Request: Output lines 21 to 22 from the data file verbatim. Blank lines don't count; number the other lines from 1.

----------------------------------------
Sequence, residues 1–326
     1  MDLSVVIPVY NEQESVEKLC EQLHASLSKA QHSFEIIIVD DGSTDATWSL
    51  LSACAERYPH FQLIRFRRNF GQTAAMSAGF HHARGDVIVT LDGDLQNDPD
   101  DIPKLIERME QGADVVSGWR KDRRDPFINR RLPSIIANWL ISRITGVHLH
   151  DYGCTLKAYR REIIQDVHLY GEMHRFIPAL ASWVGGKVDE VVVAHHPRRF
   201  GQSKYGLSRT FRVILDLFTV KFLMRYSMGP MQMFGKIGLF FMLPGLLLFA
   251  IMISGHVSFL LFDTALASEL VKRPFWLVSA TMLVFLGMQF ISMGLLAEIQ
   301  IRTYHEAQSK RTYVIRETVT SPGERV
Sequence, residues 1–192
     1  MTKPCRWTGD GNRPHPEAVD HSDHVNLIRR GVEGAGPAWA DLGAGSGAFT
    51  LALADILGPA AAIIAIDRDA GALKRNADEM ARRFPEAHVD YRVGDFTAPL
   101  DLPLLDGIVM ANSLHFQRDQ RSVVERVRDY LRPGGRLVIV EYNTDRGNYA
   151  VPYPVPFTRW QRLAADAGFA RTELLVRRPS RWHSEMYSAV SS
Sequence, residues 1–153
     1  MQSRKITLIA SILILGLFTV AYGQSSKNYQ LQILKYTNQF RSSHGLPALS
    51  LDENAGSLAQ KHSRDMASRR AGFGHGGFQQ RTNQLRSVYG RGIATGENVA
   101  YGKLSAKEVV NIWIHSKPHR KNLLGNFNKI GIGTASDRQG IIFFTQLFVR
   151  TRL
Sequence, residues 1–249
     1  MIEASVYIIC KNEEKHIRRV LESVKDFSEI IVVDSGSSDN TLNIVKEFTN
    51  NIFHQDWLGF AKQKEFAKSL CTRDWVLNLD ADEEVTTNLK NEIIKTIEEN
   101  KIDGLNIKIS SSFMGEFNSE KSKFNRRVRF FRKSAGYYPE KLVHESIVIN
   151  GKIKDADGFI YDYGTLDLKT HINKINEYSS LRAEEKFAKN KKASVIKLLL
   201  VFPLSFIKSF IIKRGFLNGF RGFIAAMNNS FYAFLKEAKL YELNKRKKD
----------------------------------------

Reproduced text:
    51  NIFHQDWLGF AKQKEFAKSL CTRDWVLNLD ADEEVTTNLK NEIIKTIEEN
   101  KIDGLNIKIS SSFMGEFNSE KSKFNRRVRF FRKSAGYYPE KLVHESIVIN